Most other public/commercial spaces follow the moronic, energy-inefficient "set the temperature opposite the season!" method. Air conditioning will be absolutely FRIGID in the summer and then the heat will blast full force in the winter. Your interior temperature should not be colder in the summer than it is in the winter. :rolleyes:
That really bugs me; it should be the opposite. People dress for the season and room temperatures should take that into account. In the winter I'll wear warm clothes, and then when I go into a store and it's really warm I'll start sweating. In the summer, I'll wear shorts and a t-shirt because it's hot outside, and I'll be sweating, and then I'll go into a cold store and freeze my ass off.

Desert Nomad
02-08-2012, 07:25 PM
65 in the winter, 75 in the summer.

Musicat
02-08-2012, 07:28 PM
In the energy crisis days, 68F was urged in the winter, 76F(?) in the summer. Both are not burdensome for human habitation, but save a little bit of energy, and saving energy was the name of the game then. It was a brand-new concept.

Musicat
02-08-2012, 07:30 PM
Our house is 68 in the winter, 78 in the summer. I am FUCKING FREEZING. I have negotiated a 1 degree increase to 69, and I keep blankets around. I swear when I get a job I'm cranking the thermostat first thing!Have you tried an electric blanket (cheap to buy and run!)? My house is 50-55F at night and I'm jes' fine, under the covers.

ShelliBean
02-08-2012, 07:53 PM
I have been keeping a heating pad on the couch. I really should have already looked in to an electric blanket!! I am perpetuating the stereotype of the frozen girl in a house full of boys that don't feel cold in freezing temps - my kids have learned "well now I have to put on a coat because Mom is cold".

But I will see about picking one up - thanks for the suggestion! I am in AL and am perfectly fine during the summer here while everyone else is reaching for an oxygen tank. :)

Ruken
02-08-2012, 09:05 PM
Huh, I didn't realize 68 was standard. My thermostat is set to 55, but my thermometer says 58; I'm not sure which is correct. It's too cold for me to comfortably lounge about naked, but I own clothes.

The temperature at work varies significantly, but I'm pretty sure it's usually low 70s. Labcoat + glovebox + warm lab means I get kind of gross on warm* days.

*That's warm inside, which has little to do with outside temperature.

JoelUpchurch
02-08-2012, 10:21 PM
The NIST standard is 20 C. Most precision length standards will specify that they were measured at 20 C.


http://en.wikipedia.org/wiki/Standard_conditions_for_temperature_and_pressure

Cat Whisperer
02-08-2012, 11:32 PM
I have been keeping a heating pad on the couch. I really should have already looked in to an electric blanket!! <snip>How about electric blanket on the couch and electric mattress pad on the bed? I haven't tried one yet, but I've heard people who have them swear by them - it's one of life's great pleasures, to get into a warm bed in winter.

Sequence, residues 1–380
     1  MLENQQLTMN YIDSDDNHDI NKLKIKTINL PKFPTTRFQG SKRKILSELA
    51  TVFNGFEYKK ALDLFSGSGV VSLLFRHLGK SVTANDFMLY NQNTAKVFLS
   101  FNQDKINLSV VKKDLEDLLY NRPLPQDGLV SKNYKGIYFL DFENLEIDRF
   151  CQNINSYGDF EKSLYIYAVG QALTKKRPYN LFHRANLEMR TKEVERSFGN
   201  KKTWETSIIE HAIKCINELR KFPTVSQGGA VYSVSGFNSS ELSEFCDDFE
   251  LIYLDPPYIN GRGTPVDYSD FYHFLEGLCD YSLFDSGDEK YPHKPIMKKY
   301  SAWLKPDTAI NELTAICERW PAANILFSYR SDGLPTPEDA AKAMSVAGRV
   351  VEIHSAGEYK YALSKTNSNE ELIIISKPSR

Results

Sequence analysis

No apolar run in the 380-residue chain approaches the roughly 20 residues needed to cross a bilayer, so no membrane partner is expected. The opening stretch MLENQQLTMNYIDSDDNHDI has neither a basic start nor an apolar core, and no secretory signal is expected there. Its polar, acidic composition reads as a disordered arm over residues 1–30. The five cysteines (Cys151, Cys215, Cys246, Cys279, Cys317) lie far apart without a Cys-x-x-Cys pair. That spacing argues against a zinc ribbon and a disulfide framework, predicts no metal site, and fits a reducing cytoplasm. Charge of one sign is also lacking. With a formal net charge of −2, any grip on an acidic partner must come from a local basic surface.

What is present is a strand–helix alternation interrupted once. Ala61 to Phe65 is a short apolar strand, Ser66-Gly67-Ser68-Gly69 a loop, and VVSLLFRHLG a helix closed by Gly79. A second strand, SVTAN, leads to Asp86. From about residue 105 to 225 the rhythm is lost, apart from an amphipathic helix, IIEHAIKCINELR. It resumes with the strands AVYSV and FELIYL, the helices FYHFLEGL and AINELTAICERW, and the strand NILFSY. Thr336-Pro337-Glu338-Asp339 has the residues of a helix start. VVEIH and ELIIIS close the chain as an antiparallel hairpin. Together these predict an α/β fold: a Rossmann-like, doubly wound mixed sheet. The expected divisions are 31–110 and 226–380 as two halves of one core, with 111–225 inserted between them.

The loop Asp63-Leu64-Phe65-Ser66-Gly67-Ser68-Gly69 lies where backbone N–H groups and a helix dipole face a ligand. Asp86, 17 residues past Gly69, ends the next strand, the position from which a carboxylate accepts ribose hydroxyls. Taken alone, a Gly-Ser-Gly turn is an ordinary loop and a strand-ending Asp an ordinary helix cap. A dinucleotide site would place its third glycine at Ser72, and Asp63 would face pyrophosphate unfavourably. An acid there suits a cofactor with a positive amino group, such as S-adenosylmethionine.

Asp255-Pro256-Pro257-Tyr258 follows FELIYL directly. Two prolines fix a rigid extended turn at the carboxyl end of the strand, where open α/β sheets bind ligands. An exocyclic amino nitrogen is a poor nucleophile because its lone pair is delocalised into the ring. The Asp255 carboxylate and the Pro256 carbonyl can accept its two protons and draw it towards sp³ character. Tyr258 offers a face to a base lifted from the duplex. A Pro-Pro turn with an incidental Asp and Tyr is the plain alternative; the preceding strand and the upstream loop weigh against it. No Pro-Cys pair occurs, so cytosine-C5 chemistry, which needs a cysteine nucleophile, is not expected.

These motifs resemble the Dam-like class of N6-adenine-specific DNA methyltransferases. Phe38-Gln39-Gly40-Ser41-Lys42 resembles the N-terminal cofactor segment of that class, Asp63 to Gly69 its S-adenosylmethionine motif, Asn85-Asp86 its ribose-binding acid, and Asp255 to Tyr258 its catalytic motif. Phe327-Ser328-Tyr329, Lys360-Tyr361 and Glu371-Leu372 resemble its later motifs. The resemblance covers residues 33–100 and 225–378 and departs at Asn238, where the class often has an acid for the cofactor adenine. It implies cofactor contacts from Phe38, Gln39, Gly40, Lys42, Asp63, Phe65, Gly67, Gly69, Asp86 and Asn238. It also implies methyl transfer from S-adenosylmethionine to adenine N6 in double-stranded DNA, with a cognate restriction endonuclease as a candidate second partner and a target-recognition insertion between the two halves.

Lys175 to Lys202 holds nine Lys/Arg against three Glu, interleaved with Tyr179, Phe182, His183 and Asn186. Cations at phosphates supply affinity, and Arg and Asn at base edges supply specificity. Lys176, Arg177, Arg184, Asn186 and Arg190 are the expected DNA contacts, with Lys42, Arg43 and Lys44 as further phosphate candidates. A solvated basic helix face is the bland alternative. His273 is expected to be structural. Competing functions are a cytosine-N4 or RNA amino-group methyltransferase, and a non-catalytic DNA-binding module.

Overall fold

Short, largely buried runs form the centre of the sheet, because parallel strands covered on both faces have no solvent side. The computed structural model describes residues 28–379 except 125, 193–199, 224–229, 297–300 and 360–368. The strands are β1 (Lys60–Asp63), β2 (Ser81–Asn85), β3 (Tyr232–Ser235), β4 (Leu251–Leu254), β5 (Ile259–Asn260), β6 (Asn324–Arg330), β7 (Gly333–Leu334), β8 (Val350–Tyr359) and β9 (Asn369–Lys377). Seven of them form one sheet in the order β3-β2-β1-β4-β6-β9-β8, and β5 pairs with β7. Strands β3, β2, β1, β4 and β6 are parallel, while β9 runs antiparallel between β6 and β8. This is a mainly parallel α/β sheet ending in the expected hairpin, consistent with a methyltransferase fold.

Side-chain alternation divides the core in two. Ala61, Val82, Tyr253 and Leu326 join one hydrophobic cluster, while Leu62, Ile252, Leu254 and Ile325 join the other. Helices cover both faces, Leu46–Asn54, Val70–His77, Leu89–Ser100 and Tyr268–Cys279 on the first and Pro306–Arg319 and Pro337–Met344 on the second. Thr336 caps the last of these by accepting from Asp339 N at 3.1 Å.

littlespeedysuperbike
02-09-2012, 12:34 AM
The bigger the building, the hotter it'll be with no heating or cooling supplied.

For small buildings, it's more energy-efficient for it to be just warm enough for the occupants to not squawk when it's cold and just cool enough that you barely avoid condensation on the air handler's coils when it's hot.

For big buildings, it's most energy efficient to let it be as hot as the occupants can tolerate almost all year round.

ShelliBean
02-09-2012, 12:42 AM
How about electric blanket on the couch and electric mattress pad on the bed? I haven't tried one yet, but I've heard people who have them swear by them - it's one of life's great pleasures, to get into a warm bed in winter.

Ooooh that sounds toasty! I'll definitely have to check that out! I had not considered a mattress pad and it sounds fabulous. Barring that I may start walking around with a lit torch and install holders on the wall... :) y'all are great - thanks for the suggestions!

Chronos
02-09-2012, 12:56 AM
Personally, I go with ambient or 60, whichever is warmer. I've never lived anywhere where AC is necessary: On the handful of days each year when it's Just Too Damn Hot, you just stay late at the office, or go see a movie, or something.

Ruken
02-09-2012, 06:52 AM
The NIST standard is 20 C. Most precision length standards will specify that they were measured at 20 C.


http://en.wikipedia.org/wiki/Standard_conditions_for_temperature_and_pressureChemists, when we aren't being lazy, will report the temp at which we performed reactions. It's not unusual to just report "RT", because +/- a few C often doesn't matter much. However, when I do see room temperature specified, 23 C is pretty popular. That's ~73 F, a bit toasty for my tastes, but YMMV.

Becky2844
02-09-2012, 07:02 AM
Yes gotpassword, it's something we've been told we all want.
Before the Honeywell golden days were the olden days, when you were either scorched or raw. As someone who froze in the wintertime unless I was standing in front of a fireplace or Warm Morning heater I can attest that you adjusted your own "temperature requirements" by how far out you could stand to be in the room.
Spring and Fall were the only seasons that felt "right."
Summer, you sweated and sat out on the porch.

SecondJudith
02-09-2012, 07:15 AM
I agree with the people who like having a slightly colder 'normal' temperature (which is what 68 degrees F seems to be) - it's a lot easier to layer up when it's chilly than it is to take off layers when it's too hot, especially in office/business settings.